However this is created for Windows Forms, and I was using this class with a web project. In the comments, there is some code given by the author in order to be able to save the file. Perfect! Unfortunately not if you’re using it in a web project, as this code will only work in Windows forms.

So here is how I got around it…

I used the PieChart3D object, intended for printing, as this gave me the opportunity to create a Bitmap object and use it’s graphics properties to pass to the PieChart3D.Draw method. This in turn means that when you call the Draw method passing the Bitmap’s graphics properties, it will draw to the Bitmap object. The Bitmap object has a Save method that can be used to save the file either temporarily or permanently.

Here’s my code…

private void DrawPieChart(decimal[] values)
{
//Set the properties of the pie chart
PieChart3D pie = new PieChart3D(10, 10, 200, 100, values, 0.15F);
pie.Colors = new System.Drawing.Color[] { System.Drawing.Color.DarkSeaGreen, System.Drawing.Color.LemonChiffon, System.Drawing.Color.Orange };
pie.Texts = new string[] { String.Format("{0}%", values[0].ToString()), String.Format("{0}%", values[1].ToString()), String.Format("{0}%", values[2].ToString()) };
pie.SliceRelativeDisplacements = new float[] { 0,0,0 };
pie.InitialAngle = -30F;
pie.FitToBoundingRectangle = true;
pie.EdgeColorType = EdgeColorType.DarkerThanSurface;
pie.EdgeLineWidth = 1;
pie.ShadowStyle = ShadowStyle.GradualShadow;
//Save the pie chart to a bitmap
Rectangle bounds = new Rectangle((int)pie.X, (int)pie.Y, (int)pie.Width + 30, (int)pie.Height + 30);
Bitmap bitmap = new Bitmap(bounds.Width, bounds.Height);
Graphics grph = Graphics.FromImage(bitmap);
grph.CompositingQuality = System.Drawing.Drawing2D.CompositingQuality.HighQuality;
grph.InterpolationMode = System.Drawing.Drawing2D.InterpolationMode.High;
pie.Draw(grph);
pie.PlaceTexts(grph);
string tmpFilename = System.IO.Path.GetTempFileName();
bitmap.Save(tmpFilename);
}

So the second part of the code is what we’re concentrating on here. Firstly you create a bounding rectangle using the X & Y position and width and height of the pie chart. Using this rectangle, you can create a Bitmap that will be the correct size for your pie chart. You can then create Graphics from the Bitmap using the static Graphics method FromImage, passing in the Bitmap you have created. You then set the CompositingQuality and InterpolationMode (I don’t think this is absolutely necessary, however it is done in the original example, and I think it’s worth doing to get a high quality pie chart in your Bitmap). Using the Graphics you have just created from the Bitmap, you can now call the Draw method for the PieChart3D object, passing in these graphics (I also call place texts so it will show the percentages on each pie slice). For my use, I only needed a temporary file save (as I was then putting the file into a PDF and saving that). You could build a permanent file name if required instead of using GetTempFileName. Then you can call your Bitmap objects Save method and there you have it. Your pie chart, saved into a Bitmap from a Web Form project.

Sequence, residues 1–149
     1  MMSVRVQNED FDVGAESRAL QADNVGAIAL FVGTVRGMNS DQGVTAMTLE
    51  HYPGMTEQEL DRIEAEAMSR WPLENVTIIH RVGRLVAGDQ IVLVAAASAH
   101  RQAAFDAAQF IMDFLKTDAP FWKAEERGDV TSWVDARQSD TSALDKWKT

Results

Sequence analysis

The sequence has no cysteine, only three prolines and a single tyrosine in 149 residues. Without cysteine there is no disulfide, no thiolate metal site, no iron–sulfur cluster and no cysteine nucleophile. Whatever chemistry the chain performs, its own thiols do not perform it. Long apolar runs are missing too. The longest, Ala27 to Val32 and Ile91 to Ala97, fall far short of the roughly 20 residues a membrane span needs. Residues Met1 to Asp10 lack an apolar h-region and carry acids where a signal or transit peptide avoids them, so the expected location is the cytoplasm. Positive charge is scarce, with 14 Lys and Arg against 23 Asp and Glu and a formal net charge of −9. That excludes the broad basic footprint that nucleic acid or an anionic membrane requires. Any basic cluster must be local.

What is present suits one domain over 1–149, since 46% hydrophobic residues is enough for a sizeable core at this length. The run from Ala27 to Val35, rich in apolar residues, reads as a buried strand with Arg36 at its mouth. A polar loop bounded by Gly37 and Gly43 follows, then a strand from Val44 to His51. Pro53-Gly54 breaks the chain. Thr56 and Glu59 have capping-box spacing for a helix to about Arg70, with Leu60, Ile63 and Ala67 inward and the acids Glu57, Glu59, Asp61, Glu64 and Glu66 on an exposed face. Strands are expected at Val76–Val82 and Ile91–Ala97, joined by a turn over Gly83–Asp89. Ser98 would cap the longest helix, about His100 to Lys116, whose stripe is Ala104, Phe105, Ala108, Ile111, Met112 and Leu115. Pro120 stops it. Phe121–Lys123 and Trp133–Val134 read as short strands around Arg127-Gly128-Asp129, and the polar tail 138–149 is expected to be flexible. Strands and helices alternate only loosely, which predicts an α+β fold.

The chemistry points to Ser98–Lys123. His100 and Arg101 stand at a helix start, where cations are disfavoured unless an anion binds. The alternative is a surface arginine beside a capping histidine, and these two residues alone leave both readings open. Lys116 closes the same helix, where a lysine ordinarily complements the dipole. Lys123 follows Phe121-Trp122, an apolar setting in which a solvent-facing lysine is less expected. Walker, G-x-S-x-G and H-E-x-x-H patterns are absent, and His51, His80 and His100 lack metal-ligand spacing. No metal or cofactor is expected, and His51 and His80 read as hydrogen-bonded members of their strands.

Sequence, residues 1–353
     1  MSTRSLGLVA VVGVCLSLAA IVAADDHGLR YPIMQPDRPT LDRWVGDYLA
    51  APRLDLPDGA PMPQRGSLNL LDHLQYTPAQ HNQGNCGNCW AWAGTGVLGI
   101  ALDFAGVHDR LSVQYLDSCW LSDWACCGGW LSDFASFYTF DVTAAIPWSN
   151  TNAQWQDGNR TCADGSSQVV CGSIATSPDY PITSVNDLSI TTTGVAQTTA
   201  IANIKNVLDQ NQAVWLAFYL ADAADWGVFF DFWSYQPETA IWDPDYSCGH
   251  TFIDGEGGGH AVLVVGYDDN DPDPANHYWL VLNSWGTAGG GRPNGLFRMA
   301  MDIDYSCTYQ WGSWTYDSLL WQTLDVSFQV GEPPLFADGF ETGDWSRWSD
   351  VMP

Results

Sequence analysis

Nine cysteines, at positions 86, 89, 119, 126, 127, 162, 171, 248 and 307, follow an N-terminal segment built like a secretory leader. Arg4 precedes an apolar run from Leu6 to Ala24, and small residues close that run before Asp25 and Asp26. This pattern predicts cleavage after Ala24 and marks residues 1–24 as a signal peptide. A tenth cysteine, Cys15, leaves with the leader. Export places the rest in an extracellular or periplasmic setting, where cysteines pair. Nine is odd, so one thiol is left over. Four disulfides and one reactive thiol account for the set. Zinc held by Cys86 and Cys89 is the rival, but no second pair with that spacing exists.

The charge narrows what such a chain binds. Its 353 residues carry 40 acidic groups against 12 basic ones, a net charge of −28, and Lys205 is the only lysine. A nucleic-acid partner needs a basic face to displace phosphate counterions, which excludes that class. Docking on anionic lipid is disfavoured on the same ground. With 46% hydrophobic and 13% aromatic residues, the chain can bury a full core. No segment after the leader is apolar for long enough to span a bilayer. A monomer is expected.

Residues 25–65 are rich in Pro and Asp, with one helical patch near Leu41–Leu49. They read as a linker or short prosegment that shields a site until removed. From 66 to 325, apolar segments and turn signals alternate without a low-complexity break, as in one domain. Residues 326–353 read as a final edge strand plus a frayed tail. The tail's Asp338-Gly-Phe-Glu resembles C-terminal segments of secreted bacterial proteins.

Are you sure you want to do that? Pop-up boxes with ASP.net web applications.

29 01 2009

My current project required that when a user tried to delete something, they would get a warning, that deleting that would delete other things to and offer them the option to proceed or cancel. There are many ways to do this, the best way I found to do it was using the following code:

Response.Write("<script>var result=confirm('Are you sure you want to delete this project? Doing so will also delete all units and tests associated to this project. Click OK to proceed, or Cancel to return to the Project Maintenance screen.');if(result){window.document.location.href='SubmitProject.aspx';}else{window.document.location.href='ProjectMaintenance.aspx';}</script>");

So the Javascript function says:

show the confirmation box
if(result == 'Ok')
{
go to SubmitProject.aspx
}else{
return to current page ProjectMaintenance.aspx
}

This is a very hand bit of code that I will probably use quite a lot from now on!